Serve the field of criminal justice as an expert on human behavior.
Explore how technology is used in the commission of various crimes that include child sexual exploitation, child pornography, cyberstalking, cyberbullying, and human trafficking. Understand these phenomena within the context of social psychology, media, and the effects of cybercrimes on the community.
This sequence represents the minimum time to completion. Time to completion will vary by student, depending on individual progress and credits transferred, if applicable. For a personalized estimate of your time to completion, call an enrollment specialist at 855-646-5286.
|Quarter||1||Course Code||FPSY 6002||Course||Foundations of Graduate Studies in Psychology||Credits||(3 cr.)|
|Quarter||1||Course Code||FPSY 6102||Course||Intersection of Crime, Psychology, and the Law||Credits||(5 cr.)|
|Quarter||2||Course Code||FPSY 6720||Course||Abnormal Behavior||Credits||(5 cr.)|
|Quarter||2||Course Code||FPSY 6135||Course||Criminal Behavior||Credits||(5 cr.)|
|Quarter||3||Course Code||FPSY 6115||Course||Understanding Forensic Psychology Research||Credits||(5 cr.)|
|Quarter||3||Course Code||FPSY 6126||Course||Understanding Violence, Risk, and Threat Assessment||Credits||(5 cr.)|
|Quarter||4||Course Code||FPSY 6245||Course||Social Psychology||Credits||(5 cr.)|
|Quarter||4||Course Code||FPSY 6217||Course||Technological Solutions and 21st Century Crime||Credits||(5 cr.)|
|Quarter||5||Course Code||FPSY 6205||Course||Psychological Aspect of Cyber Crimes||Credits||(5 cr.)|
MS in Psychology Capstone
Students in this course are introduced to Walden University and to the requirements for successful participation in an online curriculum. Students build a foundation for academic and professional success as social change agents. They assess the relationship of Walden's mission and vision to professional goals. They establish connections with their peers and the broader Walden community. Students engage in course assignments focused on the practical application of scholarly writing, critical-thinking skills, academic integrity, ethics, and the promotion of professional and academic excellence within the field of psychology.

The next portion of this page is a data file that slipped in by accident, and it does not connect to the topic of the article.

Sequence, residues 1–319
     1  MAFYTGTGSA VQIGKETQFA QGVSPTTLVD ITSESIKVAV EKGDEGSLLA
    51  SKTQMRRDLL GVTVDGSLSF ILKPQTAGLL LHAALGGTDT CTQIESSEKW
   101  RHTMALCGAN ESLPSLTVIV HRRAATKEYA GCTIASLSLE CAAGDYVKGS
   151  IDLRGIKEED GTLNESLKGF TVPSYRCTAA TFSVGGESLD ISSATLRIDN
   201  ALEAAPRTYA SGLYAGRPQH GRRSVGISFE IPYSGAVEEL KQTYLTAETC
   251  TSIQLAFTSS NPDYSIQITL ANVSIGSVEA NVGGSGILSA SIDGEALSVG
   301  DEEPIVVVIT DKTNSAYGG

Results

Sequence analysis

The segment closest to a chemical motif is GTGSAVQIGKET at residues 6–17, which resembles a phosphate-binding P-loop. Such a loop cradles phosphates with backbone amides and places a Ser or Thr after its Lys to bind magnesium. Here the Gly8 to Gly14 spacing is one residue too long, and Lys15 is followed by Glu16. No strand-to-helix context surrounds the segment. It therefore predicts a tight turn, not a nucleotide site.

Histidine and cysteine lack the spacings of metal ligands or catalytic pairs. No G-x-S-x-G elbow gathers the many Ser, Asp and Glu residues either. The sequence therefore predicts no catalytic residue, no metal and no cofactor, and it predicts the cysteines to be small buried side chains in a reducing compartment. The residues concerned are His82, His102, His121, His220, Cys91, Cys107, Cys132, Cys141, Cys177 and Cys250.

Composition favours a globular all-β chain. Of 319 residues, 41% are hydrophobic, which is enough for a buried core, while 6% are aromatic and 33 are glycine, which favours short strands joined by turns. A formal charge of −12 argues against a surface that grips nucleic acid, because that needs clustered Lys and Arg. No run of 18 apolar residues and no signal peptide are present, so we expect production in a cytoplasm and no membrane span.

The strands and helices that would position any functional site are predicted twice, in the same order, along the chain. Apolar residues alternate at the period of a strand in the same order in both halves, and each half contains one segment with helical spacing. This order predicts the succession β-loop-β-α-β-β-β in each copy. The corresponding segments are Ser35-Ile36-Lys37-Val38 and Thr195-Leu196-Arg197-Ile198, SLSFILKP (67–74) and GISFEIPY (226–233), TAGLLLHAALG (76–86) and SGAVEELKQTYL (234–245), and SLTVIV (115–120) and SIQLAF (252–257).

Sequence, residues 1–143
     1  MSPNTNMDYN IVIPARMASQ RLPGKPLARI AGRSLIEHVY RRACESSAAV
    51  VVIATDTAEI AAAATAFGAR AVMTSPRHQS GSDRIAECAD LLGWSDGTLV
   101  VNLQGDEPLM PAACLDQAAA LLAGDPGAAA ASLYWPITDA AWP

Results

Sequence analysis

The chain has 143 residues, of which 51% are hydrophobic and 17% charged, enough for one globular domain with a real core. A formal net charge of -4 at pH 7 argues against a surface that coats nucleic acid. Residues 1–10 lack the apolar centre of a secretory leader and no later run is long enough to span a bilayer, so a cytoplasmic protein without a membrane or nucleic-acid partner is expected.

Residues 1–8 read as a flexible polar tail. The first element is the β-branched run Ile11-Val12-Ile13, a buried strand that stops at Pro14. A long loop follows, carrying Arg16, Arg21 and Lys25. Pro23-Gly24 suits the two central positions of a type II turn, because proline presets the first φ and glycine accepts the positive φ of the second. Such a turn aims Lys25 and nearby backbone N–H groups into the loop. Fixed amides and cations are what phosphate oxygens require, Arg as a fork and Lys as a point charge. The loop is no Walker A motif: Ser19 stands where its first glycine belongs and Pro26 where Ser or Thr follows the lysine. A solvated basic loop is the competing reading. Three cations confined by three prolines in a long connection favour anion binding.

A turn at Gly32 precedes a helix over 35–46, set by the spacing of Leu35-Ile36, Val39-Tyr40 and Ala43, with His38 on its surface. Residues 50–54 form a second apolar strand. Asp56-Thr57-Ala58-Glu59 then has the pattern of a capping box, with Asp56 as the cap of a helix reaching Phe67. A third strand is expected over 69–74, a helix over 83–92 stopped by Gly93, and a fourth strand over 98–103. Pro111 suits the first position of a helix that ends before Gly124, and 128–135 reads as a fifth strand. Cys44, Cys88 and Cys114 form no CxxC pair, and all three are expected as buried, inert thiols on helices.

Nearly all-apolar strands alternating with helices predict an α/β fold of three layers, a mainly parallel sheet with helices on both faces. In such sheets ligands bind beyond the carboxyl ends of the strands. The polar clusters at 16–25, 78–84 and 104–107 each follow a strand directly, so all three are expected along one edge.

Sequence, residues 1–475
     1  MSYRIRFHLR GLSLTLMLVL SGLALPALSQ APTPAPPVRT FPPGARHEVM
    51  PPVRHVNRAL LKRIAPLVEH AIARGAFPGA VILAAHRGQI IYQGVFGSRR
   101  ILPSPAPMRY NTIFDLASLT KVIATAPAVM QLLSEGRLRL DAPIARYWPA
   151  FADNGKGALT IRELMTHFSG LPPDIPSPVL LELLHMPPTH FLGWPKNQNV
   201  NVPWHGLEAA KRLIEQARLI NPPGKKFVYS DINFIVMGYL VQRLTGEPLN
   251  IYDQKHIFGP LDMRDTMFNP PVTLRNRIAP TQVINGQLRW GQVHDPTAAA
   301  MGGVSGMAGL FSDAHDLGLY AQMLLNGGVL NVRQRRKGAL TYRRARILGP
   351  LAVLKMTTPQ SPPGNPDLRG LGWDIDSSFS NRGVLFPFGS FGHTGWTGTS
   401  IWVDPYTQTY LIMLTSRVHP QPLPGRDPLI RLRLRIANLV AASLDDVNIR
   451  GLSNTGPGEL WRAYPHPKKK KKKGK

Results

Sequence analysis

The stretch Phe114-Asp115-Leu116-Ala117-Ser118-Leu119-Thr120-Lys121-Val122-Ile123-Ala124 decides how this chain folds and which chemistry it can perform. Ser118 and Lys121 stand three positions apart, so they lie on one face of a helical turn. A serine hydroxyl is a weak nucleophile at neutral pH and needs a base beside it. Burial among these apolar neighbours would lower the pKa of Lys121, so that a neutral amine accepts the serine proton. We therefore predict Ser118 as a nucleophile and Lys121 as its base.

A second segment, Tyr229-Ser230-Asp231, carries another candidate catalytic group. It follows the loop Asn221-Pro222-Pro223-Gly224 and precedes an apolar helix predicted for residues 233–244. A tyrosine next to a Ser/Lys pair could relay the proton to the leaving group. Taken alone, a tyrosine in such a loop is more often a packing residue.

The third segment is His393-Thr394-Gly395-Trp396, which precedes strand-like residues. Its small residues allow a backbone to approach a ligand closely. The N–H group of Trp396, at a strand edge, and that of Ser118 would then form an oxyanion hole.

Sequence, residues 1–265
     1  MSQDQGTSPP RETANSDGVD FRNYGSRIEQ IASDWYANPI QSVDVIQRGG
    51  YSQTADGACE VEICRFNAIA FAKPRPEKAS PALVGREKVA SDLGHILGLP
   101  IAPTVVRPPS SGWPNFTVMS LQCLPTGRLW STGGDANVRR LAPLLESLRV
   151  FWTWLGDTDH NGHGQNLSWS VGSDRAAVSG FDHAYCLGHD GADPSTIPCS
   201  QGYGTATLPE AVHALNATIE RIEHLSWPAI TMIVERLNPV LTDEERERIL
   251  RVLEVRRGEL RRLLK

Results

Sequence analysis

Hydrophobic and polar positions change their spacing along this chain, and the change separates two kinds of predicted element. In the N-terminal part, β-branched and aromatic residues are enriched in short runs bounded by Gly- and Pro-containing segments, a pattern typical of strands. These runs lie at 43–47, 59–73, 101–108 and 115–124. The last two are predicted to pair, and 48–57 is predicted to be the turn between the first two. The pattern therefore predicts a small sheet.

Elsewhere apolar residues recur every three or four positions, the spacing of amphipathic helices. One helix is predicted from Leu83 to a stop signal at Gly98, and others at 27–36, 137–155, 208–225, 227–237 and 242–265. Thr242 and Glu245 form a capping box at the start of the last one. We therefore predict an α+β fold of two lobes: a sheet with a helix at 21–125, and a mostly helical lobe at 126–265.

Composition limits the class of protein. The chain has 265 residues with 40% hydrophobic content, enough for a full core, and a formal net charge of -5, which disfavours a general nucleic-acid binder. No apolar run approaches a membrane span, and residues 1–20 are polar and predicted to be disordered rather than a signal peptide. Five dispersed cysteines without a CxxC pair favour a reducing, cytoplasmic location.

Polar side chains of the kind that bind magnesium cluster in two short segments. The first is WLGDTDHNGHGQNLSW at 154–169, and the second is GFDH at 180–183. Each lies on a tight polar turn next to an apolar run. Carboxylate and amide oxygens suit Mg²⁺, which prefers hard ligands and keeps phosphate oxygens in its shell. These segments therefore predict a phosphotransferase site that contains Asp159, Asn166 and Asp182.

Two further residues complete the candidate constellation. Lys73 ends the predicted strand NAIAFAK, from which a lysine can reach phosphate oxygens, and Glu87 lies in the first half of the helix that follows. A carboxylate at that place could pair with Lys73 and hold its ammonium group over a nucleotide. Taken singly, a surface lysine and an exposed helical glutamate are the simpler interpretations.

Students in this course are provided with an expansive overview of forensic psychology, including basic tenets, practices, and procedures. Students explore subspecialties of forensic psychology; roles and responsibilities; and related legal, ethical, and diversity issues. They have the opportunity to learn how forensic psychology links to legal systems as they explore related topics, including criminal profiling, police psychology, psychology in the criminal courts, and correctional psychology. Through this course, students can acquire a broad understanding of forensic psychology theories and concepts, which they apply to the analysis of controversial issues and contemporary challenges within the fields.
Understanding the characteristics and causes of atypical thoughts and actions—commonly known in mental health professions as abnormal behavior—is essential in determining accurate diagnoses, answering forensic referral questions, and planning effective treatment programs. In this course, students examine the history and evolution of abnormal psychology and how practitioners use contemporary diagnostic criteria of abnormal behavior in various settings, such as schools, rehabilitation facilities, community agencies, and forensic situations. They examine specific techniques for the diagnosis, assessment, and/or treatment of cognitive, emotional, and developmental disorders, as well as for psychophysiological and psychosocial problems. Using the scholar-practitioner model, students consider environmental and biological factors contributing to behavioral disorders. Students also investigate and discuss current and future trends, legal and ethical issues, and multicultural factors that complicate diagnosis and clinical assessment.
Students in this course are provided with contemporary views, theories, and case-study analysis of maladaptive and criminal behavior, victimology, and victim-offender relationships. A broad conceptualization of criminal behavior, such as that woven from biological, sociological, and psychological perspectives is explored and evaluated. Theories of crime and the application of risk factors associated with criminal behavior are examined. Additionally, students will be exposed to specific offender groups, both violent and non-violent, including psychopaths, serial and mass murderers, criminal paraphiliacs, arsonists, white-collar thieves, scam artists, domestic terrorists, and others.